Disinvestment remains a powerful human-rights weapon--as long as it's done carefully.
Washington and the United Nations continue to ponder their options in response to the genocidal killings and ethnic cleansing in Darfur, the westernmost region of Sudan. But many state and local officials are already taking action. Their pension funds are selling billions of dollars' worth of shares in companies that do business with the Sudanese government.
It's the biggest divestment campaign since the protests over apartheid in South Africa some 20 years ago. "Having U.S. companies divest from Sudan will play a major role, because at the end of the day, money talks," says Kansas state Senator Donald Betts, who intends to introduce a divestment bill during next year's session. Seven states have passed bills or nonbinding resolutions, and legislation is pending in at least an equal number. In April, Providence, Rhode Island, became the first city to approve a divestment ordinance. But policy makers must take care that in crafting their proposals they don't harm innocent people--whether they are residents of Darfur or recipients of their own governments' pensions.
One of those who urges a cautious approach is Daniel Millenson, a student at Brandeis University who runs the Sudan Divestment Task Force, which has written model legislation that's been introduced in several states. Millenson is convinced that divestment can help bring about important social change, as it did in South Africa. But he also warns about potential pitfalls. South Africa still is having trouble attracting investment from foreign interests that staged a blanket withdrawal in the closing days of apartheid in the 1980s. Some have made no effort to return. The Sudan task force favors a more targeted approach, asking governments to divest holdings only in companies that contribute to the violence by selling military equipment or contributing revenue directly to the Sudanese government.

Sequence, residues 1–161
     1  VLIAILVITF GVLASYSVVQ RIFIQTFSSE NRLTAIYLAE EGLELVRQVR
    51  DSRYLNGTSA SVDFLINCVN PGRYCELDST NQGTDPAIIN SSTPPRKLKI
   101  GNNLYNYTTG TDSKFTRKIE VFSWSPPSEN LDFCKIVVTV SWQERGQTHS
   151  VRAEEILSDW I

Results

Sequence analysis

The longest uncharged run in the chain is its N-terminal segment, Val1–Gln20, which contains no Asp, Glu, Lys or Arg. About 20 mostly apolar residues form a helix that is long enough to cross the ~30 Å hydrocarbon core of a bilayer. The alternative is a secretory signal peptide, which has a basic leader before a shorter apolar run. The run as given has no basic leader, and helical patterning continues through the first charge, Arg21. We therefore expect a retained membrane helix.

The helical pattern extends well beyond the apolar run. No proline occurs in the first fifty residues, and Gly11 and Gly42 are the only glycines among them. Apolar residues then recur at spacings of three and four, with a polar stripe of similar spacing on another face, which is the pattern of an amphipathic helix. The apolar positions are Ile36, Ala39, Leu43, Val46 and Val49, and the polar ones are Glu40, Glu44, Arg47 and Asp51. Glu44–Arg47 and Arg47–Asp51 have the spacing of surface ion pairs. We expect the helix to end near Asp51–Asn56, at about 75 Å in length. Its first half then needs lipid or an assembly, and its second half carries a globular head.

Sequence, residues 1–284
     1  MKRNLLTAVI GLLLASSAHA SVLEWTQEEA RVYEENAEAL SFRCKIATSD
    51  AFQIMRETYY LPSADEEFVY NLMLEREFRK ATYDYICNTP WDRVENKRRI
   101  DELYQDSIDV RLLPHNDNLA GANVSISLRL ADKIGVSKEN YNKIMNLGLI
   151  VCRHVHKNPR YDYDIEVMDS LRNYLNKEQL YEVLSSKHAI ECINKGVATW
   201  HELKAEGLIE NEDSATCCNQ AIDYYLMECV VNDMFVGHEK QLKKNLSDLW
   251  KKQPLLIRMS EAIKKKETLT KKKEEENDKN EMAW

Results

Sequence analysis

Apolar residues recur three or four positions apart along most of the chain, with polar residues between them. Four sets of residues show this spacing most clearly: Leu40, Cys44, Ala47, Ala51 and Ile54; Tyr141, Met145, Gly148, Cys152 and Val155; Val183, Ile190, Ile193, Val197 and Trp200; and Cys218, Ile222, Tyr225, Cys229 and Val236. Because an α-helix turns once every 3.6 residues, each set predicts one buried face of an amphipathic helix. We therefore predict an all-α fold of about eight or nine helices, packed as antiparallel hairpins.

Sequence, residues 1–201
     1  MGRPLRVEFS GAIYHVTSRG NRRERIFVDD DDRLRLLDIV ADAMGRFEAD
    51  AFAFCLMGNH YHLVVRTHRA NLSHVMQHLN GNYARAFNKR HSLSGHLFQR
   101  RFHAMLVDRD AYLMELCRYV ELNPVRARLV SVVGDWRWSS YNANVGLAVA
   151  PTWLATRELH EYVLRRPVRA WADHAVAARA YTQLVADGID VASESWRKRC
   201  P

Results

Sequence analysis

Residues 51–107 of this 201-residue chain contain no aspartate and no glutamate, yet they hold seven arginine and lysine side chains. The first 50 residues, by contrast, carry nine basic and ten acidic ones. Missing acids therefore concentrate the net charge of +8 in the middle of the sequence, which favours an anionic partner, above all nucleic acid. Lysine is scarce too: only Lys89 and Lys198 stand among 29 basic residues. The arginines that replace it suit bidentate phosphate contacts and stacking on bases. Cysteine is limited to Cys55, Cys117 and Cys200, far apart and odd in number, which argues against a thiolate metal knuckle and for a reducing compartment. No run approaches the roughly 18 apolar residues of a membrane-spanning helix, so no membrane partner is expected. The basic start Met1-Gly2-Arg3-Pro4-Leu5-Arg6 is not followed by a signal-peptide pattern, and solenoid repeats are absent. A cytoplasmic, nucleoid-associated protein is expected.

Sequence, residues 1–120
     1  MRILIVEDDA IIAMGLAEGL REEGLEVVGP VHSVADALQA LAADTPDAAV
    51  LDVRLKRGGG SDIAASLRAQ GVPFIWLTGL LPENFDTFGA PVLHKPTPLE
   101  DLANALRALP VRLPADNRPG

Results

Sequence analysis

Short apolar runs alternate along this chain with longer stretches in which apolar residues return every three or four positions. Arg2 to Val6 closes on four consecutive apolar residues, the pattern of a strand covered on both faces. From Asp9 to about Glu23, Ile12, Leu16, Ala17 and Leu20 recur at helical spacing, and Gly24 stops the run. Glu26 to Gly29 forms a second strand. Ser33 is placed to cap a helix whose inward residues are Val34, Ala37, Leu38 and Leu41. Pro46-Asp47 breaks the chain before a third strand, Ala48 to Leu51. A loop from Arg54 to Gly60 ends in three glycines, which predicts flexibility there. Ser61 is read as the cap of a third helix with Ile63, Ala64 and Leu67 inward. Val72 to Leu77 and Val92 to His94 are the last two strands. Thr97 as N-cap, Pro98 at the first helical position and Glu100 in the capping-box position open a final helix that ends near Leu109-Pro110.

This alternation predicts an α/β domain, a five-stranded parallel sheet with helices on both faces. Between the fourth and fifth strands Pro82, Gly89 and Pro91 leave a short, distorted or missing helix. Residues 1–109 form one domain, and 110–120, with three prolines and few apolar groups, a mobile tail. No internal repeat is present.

Illinois, the first state to pass a divestment bill last year, didn't follow that strategy. It adopted broad language directing its pension funds to sell shares in any company that has a "relationship" in Sudan. It also enacted Darfur-related disclosure requirements that have had the side effect of making it trickier for state funds to invest in private equity--easily their most lucrative investment option over the past year. "The legislature's overriding concern was for the human suffering in Sudan," says Eva Goltermann, a spokesperson for the Illinois Teachers' Retirement System, "and not the pension fund's fiduciary responsibility."